The NBBO was designed to create fragmented markets, which were thought necessary to promote competition among trading venues. In order to accomplish its goal of getting different trading venues to compete against one another, the SEC had to deal with the problem that these venues are located in different locations and operate at different processing speeds. (20) Forbidding locked markets was a mechanism for dealing with the potential problem that an order might be executed simultaneously in several markets when a bid comes in that matches the offer price in more than one market. Time is needed to determine where the order will execute. Thus, trading is slowed when markets are locked. Since markets are supposed to encourage trading and to match buy orders with sell orders, it is difficult to view the ban on locked markets as anything but irrational from a public policy perspective.

If one starts with the hypothesis that the SEC is captured by special interest groups that include HFTs, the ban on locked markets is not so surprising. Locked markets cannot happen when all trades occur on a single market. Matched bids and offers on the same market would automatically execute against one another. But, barring the automatic execution of matched orders on two markets (locked markets) facilitates front-running by HFTs. When a market is locked, HFTs can leapfrog over existing orders and resell the securities at better prices (better for the HFT, worse for the investor) almost instantaneously to the original investor facing the locked market. As such, locked markets result in the deterioration of order execution quality.

The rule against locked markets is inconsistent with the rule requiring that orders be sent to multiple markets, because they prevent trading from occurring in a second market when a bid on one market matches an offer on another market. It is difficult to imagine why this rule exists other than to allow HFTs to insert themselves between the bid and the offer sides of locked markets. Disallowing trading when bids match offers thus greatly aids HFTs and market manipulators. Allowing trading when bids and offers meet is common sense and would go a long way to ameliorate the problem of proliferating order types.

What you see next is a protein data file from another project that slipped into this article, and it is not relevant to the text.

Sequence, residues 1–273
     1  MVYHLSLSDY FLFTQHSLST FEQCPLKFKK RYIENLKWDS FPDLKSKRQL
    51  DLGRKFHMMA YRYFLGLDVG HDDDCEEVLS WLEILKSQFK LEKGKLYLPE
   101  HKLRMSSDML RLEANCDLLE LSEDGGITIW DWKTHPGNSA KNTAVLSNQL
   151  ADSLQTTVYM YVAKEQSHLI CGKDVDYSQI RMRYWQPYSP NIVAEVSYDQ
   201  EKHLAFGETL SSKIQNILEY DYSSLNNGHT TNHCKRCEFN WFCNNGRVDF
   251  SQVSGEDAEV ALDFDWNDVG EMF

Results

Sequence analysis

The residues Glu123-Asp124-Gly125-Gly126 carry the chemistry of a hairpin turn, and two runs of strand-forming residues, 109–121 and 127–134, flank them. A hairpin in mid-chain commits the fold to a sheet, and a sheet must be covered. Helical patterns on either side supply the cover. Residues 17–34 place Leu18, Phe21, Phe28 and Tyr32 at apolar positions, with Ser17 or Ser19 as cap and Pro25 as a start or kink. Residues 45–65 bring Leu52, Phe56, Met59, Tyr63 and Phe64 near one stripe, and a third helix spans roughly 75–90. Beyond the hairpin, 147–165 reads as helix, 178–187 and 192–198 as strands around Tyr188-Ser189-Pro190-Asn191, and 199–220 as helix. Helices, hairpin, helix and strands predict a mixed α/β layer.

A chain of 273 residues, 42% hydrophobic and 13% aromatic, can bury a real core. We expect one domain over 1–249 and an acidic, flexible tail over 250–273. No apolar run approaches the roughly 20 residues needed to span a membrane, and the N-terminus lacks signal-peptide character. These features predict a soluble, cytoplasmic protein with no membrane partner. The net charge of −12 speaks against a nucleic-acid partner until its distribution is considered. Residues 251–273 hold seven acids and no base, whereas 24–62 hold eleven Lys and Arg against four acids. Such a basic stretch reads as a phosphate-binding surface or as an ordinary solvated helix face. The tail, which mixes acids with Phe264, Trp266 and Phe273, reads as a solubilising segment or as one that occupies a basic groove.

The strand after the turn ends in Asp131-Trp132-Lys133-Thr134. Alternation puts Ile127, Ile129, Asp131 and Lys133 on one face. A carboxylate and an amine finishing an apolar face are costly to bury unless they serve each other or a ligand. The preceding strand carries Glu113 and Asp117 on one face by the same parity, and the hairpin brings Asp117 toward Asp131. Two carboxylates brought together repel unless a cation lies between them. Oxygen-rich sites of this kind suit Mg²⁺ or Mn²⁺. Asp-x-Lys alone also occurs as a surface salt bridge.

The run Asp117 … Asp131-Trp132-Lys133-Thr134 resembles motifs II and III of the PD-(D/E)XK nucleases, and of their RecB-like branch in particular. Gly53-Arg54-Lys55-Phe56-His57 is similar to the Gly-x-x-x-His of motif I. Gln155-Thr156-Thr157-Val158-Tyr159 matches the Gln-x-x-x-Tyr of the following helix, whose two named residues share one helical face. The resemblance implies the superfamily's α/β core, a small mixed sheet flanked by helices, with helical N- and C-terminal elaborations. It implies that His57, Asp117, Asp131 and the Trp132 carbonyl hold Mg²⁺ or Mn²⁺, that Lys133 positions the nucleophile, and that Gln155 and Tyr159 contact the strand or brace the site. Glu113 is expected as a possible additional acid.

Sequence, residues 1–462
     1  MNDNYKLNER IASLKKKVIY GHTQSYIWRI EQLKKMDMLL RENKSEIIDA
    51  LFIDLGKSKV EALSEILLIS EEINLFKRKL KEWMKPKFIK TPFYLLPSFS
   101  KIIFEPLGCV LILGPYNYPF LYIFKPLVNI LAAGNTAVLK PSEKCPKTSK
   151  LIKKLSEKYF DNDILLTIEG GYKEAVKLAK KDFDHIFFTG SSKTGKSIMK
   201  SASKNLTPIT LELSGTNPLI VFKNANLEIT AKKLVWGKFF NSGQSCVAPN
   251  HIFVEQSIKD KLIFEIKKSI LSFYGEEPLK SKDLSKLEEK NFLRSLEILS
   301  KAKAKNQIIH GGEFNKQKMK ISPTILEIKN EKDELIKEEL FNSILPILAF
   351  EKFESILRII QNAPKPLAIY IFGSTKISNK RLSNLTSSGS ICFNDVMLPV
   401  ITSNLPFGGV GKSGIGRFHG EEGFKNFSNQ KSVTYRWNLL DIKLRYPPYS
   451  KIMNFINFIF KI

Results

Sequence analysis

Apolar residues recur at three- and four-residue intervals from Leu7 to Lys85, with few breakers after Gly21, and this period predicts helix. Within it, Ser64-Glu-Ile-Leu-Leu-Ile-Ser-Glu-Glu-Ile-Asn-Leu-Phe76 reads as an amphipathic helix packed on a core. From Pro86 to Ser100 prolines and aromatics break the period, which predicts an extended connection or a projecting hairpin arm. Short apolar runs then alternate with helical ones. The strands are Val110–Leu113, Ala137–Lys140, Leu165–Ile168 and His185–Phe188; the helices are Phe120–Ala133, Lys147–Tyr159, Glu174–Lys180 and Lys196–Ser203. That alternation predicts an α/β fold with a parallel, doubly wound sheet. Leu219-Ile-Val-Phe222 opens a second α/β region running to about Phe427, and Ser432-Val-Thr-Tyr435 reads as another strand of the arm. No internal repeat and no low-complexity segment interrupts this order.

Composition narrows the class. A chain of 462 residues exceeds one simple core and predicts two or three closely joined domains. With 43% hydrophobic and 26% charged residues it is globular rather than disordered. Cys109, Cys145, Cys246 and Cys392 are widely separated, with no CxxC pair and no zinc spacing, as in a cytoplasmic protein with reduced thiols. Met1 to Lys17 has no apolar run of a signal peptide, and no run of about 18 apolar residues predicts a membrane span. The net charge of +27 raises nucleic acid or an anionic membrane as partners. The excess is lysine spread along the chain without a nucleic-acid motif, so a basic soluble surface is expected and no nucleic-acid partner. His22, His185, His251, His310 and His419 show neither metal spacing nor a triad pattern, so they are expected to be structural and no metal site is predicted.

Another important component of the Trade Through Rule is the requirement that broker-dealers route all trades to the exchange displaying the best price (highest bid or lowest offer) for a stock at any given moment, (21) harming long-term traders at the expense of speculators. With respect to market orders, of course it often makes sense for a market bid for a security priced at around $100 to be cleared against the lowest offer price of $100.01, rather than against a higher offer price of $100.05, just as it makes sense for an offer to be cleared against a bid of $100.05 rather than a lower bid in many cases.

However, strict adherence to price priority is not always rational, because trades move prices. It is particularly likely that trading will move prices when sophisticated long-term institutional investors are buying and selling large amounts of securities. For these sorts of end-user investors, the quantity of securities that they can trade at a particular moment may be of far greater importance than the price. The Trade Through Rule is flawed because it does not allow those who bring liquidity to the market by making bids and offers to specify the quantity of securities they wish to trade at a particular price. A simple example illustrates the point. Suppose that there is a bid of $100.01 displayed for 1,000 shares of a security at a particular venue and a bid of $ 100.03 displayed for 10,000 shares of the same security at another venue. The Trade Through Rule requires a bidder to buy the 1,000 shares of stock at $100.01 before executing against the $100.03 offer for 10,000 shares. But, when HFTs see the first trade at $100.01, they can postulate algorithmically that the bidder (because of the Trade Through Rule) was unable to fill its entire demand for the stock with the first trade. HFTs will start buying securities (including the 10,000 shares at $100.03) virtually instantaneously when they see the trade at $100.01. This means that by the time the long-term investor fills its whole order (which might be for considerably more than 10,000 shares), it has paid a higher average price than it would have paid if it could have executed immediately against the 10,000 share offer at $100.03. The HFT wins and the long-term investor loses. The Trade Through Rule wrongly makes illegal the purchase of a large block of shares at a higher price than the best offer (or sale at a lower price than the best bid).